When Jason Courtney fell into an uncovered manhole last October and had to eat snakes and bugs in order to survive for nine days in a sewage-filled room, he was pretty sure it would end up being the toughest challenge of his life.
He couldn’t have known what would happen afterward.
“I have nightmares,” Courtney told Free Press Houston in an interview this week about the personal injury lawsuit he’s planning. “I get close to any kind of hole and I start freaking out. I have panic attacks. Since October I haven’t even sat on the toilet once to take a shit. I do it in the shower. I don’t even want to touch my own ass any more. I don’t want to touch shit anymore; I was down in a shit hole.”
Making things even worse are the medical bills for his shattered ankle and related treatment, which Courtney said are in the tens of thousands of dollars.
“I got no job, I can’t work — my leg is totally screwed up,” he said. “I’m sitting here with no money in my pocket.”
After a late night road crew heard his screams and he was rescued from the drain by firefighters on Oct. 16, Courtney said he had hoped a legal payday from a slam dunk lawsuit against the city would cover his medical expenses and even give him enough cash to buy land somewhere, or at least a truck.
Five months later, his case — which Courtney said will eventually be filed against the Texas Department of Transportation, for jurisdictional reasons — hasn’t seen much progress. He has a GoFundMe page set up, but updates on the $2 million he wants from the government (“I won’t take anything less,” Courtney said) are slow in coming.
“I talked to my lawyer on Monday, he said it would probably be a couple weeks before we hear anything,” Courtney said. “I want a settlement but those bastards always want to low ball you and two million is the lowest I would take. I almost died down there! There was no way for me to get out and now I’m going to be out of work for the the rest of my life. I can barely walk 10 feet. I’m just going to sit here and wait ’til I hear from my lawyer.”
Courtney’s lawyer Mike Talabi didn’t return calls for comment, but judging from another lawsuit involving someone who fell into a manhole, Courtney might be waiting a long time.
Marcus Gustafsson was a 26-year-old student in medical school in Philadelphia when he fell into an uncovered manhole on his way to catch the bus in 2004. He wasn’t in the drain for very long, but the 20-foot fall broke his back and he wasn’t able to finish medical school.
“I wasn’t able to become a doctor,” Gustafsson told FPH. “I haven’t really worked since the accident, it completely turned everything upside down. I was practically bedridden for over 10 years, it was pretty rough.”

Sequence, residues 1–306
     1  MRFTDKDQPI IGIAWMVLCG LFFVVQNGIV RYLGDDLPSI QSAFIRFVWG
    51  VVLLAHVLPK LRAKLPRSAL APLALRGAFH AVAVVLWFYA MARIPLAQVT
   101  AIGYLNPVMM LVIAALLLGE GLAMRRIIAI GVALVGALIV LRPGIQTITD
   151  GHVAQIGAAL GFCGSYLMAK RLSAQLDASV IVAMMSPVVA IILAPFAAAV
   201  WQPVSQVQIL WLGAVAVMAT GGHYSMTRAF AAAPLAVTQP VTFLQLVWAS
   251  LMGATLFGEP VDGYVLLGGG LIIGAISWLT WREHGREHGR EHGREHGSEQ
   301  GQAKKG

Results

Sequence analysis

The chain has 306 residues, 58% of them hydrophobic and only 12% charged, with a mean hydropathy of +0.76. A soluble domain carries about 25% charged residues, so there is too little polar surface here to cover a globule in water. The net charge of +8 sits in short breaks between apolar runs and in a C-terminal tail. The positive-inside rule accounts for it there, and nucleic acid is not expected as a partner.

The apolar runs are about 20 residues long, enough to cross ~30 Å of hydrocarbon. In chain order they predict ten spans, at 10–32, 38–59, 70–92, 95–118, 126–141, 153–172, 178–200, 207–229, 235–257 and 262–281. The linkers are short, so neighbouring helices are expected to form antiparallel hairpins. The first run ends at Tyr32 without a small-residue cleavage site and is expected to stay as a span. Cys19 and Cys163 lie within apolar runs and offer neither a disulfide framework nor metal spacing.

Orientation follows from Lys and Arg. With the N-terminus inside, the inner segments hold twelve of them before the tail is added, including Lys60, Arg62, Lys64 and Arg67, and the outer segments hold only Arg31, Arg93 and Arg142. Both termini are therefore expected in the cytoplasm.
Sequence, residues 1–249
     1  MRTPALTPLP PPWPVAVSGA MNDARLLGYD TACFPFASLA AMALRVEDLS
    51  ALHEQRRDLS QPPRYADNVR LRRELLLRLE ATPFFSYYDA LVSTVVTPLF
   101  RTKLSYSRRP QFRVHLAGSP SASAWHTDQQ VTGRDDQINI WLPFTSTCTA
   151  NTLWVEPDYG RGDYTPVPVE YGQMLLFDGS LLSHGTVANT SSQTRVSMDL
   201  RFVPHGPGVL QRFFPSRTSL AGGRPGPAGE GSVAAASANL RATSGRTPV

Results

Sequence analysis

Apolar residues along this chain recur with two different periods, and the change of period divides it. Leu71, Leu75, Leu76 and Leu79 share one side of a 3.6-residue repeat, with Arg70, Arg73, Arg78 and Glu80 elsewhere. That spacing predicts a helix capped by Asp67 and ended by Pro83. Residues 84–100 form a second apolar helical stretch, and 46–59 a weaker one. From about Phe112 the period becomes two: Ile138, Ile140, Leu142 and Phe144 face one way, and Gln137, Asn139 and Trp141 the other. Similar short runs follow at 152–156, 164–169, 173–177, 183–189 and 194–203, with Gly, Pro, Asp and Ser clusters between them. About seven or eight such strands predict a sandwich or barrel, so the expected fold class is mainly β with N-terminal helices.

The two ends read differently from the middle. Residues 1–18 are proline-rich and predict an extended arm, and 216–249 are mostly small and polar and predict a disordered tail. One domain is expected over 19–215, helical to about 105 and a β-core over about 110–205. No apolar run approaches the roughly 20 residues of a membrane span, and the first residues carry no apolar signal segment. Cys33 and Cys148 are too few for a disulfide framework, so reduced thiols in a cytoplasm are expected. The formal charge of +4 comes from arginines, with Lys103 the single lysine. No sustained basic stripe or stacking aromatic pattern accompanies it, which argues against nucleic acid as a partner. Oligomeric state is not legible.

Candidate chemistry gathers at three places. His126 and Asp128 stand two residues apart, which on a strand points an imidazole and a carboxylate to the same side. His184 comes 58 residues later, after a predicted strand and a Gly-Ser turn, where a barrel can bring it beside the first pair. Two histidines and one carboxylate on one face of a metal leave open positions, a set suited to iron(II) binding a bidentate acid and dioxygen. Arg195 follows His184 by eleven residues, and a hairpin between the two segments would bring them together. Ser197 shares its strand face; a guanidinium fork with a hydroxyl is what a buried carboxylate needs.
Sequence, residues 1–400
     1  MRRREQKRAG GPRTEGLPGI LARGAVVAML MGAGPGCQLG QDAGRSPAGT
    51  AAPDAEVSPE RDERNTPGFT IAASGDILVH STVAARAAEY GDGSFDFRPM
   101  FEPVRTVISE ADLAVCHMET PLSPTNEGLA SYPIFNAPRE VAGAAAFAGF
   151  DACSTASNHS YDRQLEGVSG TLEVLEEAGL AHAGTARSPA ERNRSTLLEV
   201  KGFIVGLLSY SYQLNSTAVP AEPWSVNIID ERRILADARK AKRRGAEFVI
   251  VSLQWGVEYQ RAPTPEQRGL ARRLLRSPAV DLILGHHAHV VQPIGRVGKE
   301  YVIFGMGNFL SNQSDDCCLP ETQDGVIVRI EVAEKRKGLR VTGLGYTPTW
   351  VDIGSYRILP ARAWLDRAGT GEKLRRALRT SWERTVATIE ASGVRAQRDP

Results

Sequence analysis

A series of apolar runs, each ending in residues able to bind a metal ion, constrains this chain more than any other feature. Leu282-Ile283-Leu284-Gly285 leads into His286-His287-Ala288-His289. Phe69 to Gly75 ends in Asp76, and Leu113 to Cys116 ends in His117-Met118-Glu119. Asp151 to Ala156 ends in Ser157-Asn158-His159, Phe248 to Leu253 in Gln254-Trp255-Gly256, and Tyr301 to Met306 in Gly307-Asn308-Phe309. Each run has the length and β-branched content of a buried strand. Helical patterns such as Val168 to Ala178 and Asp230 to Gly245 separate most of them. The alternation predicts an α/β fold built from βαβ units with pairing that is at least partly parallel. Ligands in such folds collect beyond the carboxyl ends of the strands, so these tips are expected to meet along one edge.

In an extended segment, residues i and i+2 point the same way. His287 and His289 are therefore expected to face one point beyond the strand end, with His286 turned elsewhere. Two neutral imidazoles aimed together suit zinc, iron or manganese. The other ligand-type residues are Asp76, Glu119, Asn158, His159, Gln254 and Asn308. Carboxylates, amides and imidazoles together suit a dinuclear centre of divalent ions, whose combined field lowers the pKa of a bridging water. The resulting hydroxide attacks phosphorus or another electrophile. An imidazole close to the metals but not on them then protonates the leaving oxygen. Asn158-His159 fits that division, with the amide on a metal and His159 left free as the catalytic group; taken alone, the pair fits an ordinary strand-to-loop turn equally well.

Gustafsson sued the energy company that owned the manhole, but it took nearly four years for his case to go to trial. And even though a jury ended up awarding him $18 million — the largest personal injury verdict awarded by a United States jury in 2008 — Gustafsson said it was a long and expensive process to get to that point.
“When I fell I thought it would all be finished incredibly quick — we’re going to do this and it’s going to be done,” Gustafsson said. “I even thought I would be going back to school immediately; I got my wife, she was my girlfriend then, to go get my notes ‘cause I lost them in the hole. But then I wasn’t able to go back to school. You sort of think it’s just a bump in the road but it’ll get better. That’s not what happened.
It actually was an ordeal, and much more complicated than I expected,” he said. “It took four years before the case went to trial and that was considered expedited.”
Gustafsson’s trial lasted four weeks and was “ridiculously involved,” he said. Engineers, sworn in as expert witnesses for both parties in the suit, debated how manholes should best be secured. Medical experts discussed how bad Gustafsson’s condition actually was. The fact that a homeless man had stolen the cover also complicated the issue of who was at fault.
“On a personal level, you feel like ‘it was their hole, it wasn’t secured, I fell in,’” Gustafsson said. “But that’s just not how it goes.”
Ultimately, he said, the idea was to pass as much blame as possible to him.
“They’ll find any reason to blame you,” Gustafsson said. “Any percentage of blame they can shift to you is less money they have to pay. A lot of it was them saying they didn’t have a responsibility to totally secure the manhole and that it was unreasonable for them to have to do anything more. After the verdict they ended up welding all their manhole covers closed.”
While Gustafsson got a multi-million dollar verdict — with hundreds of thousands of that going to legal expenses and medical bills — he said the energy company had offered to settle for about $250,000 before the case even started.
“Most people say $200,000 – that’s a lot,” he said. “But that wouldn’t have covered the cost of my hospitalization. I wouldn’t have ended up getting any of that. It had to approach a million before I could see anything. I was lucky because my parents were able to help with legal costs. You’re stuck not able to work with a lot of medical bills and it can last years. That’s not something that a lot of people can normally deal with.”